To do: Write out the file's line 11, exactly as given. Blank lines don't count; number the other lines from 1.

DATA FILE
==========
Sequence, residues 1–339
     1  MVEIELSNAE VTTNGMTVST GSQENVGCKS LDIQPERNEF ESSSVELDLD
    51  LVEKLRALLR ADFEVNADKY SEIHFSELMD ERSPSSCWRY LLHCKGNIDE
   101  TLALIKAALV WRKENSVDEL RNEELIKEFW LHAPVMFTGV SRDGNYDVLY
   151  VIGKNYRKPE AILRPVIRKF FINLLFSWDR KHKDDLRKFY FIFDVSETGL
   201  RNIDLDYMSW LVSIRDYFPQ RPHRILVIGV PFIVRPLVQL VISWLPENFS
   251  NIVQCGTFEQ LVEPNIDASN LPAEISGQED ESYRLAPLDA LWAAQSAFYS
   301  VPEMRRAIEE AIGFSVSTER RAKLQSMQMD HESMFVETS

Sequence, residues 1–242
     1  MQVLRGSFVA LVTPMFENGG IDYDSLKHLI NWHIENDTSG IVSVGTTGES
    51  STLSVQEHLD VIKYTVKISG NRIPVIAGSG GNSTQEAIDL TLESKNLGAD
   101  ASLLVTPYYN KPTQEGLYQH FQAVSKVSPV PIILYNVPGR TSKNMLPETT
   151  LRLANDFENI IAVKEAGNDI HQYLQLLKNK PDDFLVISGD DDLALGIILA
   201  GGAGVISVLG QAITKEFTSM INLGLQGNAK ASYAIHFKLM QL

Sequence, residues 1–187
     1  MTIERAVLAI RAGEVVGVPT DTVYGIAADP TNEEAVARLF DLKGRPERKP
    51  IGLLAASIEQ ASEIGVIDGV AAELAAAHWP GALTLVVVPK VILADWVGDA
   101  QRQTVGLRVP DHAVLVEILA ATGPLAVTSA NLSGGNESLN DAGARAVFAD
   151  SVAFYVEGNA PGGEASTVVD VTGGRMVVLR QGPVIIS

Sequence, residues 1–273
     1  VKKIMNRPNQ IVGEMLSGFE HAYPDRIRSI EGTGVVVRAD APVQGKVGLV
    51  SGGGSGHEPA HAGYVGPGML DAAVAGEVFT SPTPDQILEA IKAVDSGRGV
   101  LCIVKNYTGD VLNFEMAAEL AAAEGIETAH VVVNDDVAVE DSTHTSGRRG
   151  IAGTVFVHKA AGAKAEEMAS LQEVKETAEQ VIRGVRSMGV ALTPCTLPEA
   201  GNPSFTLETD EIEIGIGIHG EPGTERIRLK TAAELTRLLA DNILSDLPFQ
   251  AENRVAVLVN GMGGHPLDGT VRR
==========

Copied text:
    51  STLSVQEHLD VIKYTVKISG NRIPVIAGSG GNSTQEAIDL TLESKNLGAD